Inside the Maritime exhibition hall, the smell of cologne and hair products mingles with the scent of cooking chicken. (Proteins are important to bodybuilding, I am told.) Gym enthusiasts peruse workout clothes and fitness magazines, or drink down sample shots of creatine monohydrate, dehydroepiandrosterone, and androstenendione. Diet tips and workout routines are shared. A group of gymmates marvel over their friend's "superflat tum."
"You'd never know she's six months pregnant, would you?"
And despite her form-fitting clothes and slight frame, you never would.
A clutch of four 22-year-old bodybuilding groupies in pastel micro-miniskirts and glittery platform shoes swarm around Aaron Maddron, an up-and-coming heavyweight competitor who won several first-place titles in 1995.
"He's so inspiring," says Rene Samdahl, gazing at him through her sky-blue eyelashes. "And he has great hair."
Upstairs, in the sold-out hall, I am seated between two bodybuilding insiders: photographer Zach Taylor and Rosemary Hallum, a journalist whose articles can be found in nearly every fitness publication in the country. Hallum -- who has perfectly coiffed red hair and elegant gold-rimmed glasses and looks, therefore, like a motherly romance novelist -- is something of a superstar on this circuit. Passing bodybuilders and trainers wave at her affectionately. Of course, she already knows who's going to win tonight's competition. She knows a lot of things -- who fools around with whom, who just got out of jail, who dyes his hair.
"Tonight, you will see 34 of the best bodies in the world!" MC Steve Davis shouts. "How many of you love to train?"
The crowd erupts with shouts and whoops.
The first competitor is announced much as any beauty contestant might be: He is Kevin Levrone, who holds more professional bodybuilding titles than anyone currently competing. Levrone's diet consists of fish, rice, and vegetables; his outside interests include music and interior design. When his theme song comes on -- a seductive soul number -- Levrone enters the stage, his bulk all but obliterating a twinkling cityscape behind him. He stops center stage and poses, holding his breath as every vein and muscle swells beneath his paper-thin skin.
Hours of Saturday morning ESPN and endless photographs cannot prepare the uninitiated for this firsthand sight. He is a road map of brawn, the Visible Man from biology class taken to superhuman proportions. He is a cyborg made of flesh and "supplements," an implausible creature that has no relation to anything remotely human. He turns away from the crowd and flexes. His back expands, and keeps expanding. It spreads out from his waist like a monstrous fan. I think he's going to sprout wings.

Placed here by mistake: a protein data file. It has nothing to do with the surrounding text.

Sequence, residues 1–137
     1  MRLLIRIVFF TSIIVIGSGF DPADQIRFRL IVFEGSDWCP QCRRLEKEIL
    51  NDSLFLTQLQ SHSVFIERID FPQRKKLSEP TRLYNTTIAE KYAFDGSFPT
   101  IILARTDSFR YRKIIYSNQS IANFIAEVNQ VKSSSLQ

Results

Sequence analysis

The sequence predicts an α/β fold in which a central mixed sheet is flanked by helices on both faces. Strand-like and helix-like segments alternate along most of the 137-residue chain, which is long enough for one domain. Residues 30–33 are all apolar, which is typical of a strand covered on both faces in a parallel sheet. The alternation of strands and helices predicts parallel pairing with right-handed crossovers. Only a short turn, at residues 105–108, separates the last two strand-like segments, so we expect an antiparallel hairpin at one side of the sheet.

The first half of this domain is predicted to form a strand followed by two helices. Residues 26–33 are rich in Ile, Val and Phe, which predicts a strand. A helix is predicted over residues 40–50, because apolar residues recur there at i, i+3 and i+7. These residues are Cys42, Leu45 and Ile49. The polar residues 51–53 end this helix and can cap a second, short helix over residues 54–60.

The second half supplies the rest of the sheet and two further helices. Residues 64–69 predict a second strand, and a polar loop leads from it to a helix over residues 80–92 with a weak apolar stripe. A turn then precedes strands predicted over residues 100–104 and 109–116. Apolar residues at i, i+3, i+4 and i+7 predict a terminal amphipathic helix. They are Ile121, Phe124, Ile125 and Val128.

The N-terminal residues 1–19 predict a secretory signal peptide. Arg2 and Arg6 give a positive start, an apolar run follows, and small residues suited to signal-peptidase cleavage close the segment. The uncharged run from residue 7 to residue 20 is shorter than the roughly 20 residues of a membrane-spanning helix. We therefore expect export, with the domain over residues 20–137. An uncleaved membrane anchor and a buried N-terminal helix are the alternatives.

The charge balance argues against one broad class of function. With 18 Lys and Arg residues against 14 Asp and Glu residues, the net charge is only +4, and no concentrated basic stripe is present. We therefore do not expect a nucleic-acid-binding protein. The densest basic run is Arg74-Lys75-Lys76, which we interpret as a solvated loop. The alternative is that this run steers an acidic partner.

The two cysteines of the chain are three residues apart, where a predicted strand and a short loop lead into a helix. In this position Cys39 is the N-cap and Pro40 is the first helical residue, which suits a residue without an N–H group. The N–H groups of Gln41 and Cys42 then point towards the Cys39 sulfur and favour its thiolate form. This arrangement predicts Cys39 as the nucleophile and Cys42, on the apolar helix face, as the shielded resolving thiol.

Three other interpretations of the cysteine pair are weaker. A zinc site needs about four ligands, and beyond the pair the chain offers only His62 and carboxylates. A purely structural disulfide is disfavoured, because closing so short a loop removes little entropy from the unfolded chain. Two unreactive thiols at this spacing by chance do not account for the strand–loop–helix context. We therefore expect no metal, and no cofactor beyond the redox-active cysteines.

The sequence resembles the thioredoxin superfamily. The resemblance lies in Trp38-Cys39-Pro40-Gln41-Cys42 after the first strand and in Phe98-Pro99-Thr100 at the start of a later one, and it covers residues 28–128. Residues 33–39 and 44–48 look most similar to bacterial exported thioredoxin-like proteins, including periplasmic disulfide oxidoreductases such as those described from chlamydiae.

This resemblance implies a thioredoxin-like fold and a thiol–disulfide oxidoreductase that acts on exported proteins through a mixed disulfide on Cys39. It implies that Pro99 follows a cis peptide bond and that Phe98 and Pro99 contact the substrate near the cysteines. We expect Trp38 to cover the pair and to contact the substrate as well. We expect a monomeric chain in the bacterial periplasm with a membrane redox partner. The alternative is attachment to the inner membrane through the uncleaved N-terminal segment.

He turns and gives the crowd a boyish smile as if to say, "This is nothing." His legs become entities of their own -- huge, foreboding, intricate. His skin glistens with the strain of flexing, but he smiles and sings "to have just one night with you." His pecs bounce in time. I can't even look at his arms.
"Very few people get to see a pro show of this quality their first time out," says Hallum chuckling. I realize my mouth is hanging open. "Every other show will pale in comparison."
Milos Sarcev dedicates his routine, performed to the song "Lady," to his wife and newborn baby girl. His wavy black hair and ice-blue eyes contrast with the reddish hue of his body -- a color created by a fine layer of muscle-defining Pro Tan that is sprayed on and blown dry right before competition. I am told that he has been in better shape -- harder, sharper -- but the ladies in the audience go crazy for him.
Ronnie Coleman, a sassy bodybuilder whose routine includes a medley of show tunes, is a "natural," meaning he's steroid-free. Coleman holds his own. Still, someone in the crowd wonders, "Imagine if he were on juice."
Another contestant, Ronald Coleman, a policeman from Arlington, Texas, is truly terrifying to behold. He looks like a train in bikini shorts. Coleman is followed by dozens more -- the former exotic dancer Don Long, who gets the ladies giggling with his randy gyrations; a moonwalking Darrem Charles, who is known as one of the best posers in the business; Claude Groulx, who takes the cyborg comparison to the extreme with a cinematic sci-fi score; Dennis Newman, who has won a battle with leukemia; and Israel's Max Schmaya, the first "pro Jewish bodybuilder."
By the end of the competition, the awe is beginning to fade. All perspective is lost. Until the pose-off.
Coleman (the terrifying, police officer Coleman), Charles, Sarcev, Levrone, and Groulx onstage at once: It is a stupefying wall of rippling flesh, bulging veins, and bone-breaking muscle. They flex, smile, and sweat, exhaling like huge, tethered beasts. Groulx qualifies for the Mr. Olympia Championship with fourth place. Charles comes in third, Coleman second, and Levrone first. They are all Olympia qualifiers. Hallum is not surprised.
On the way out, two doughy, armchair experts mention that most of the competitors are bald and "light on the package." A passing spandex-queen points out that it's all a matter of perspective.
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By Silke Tudor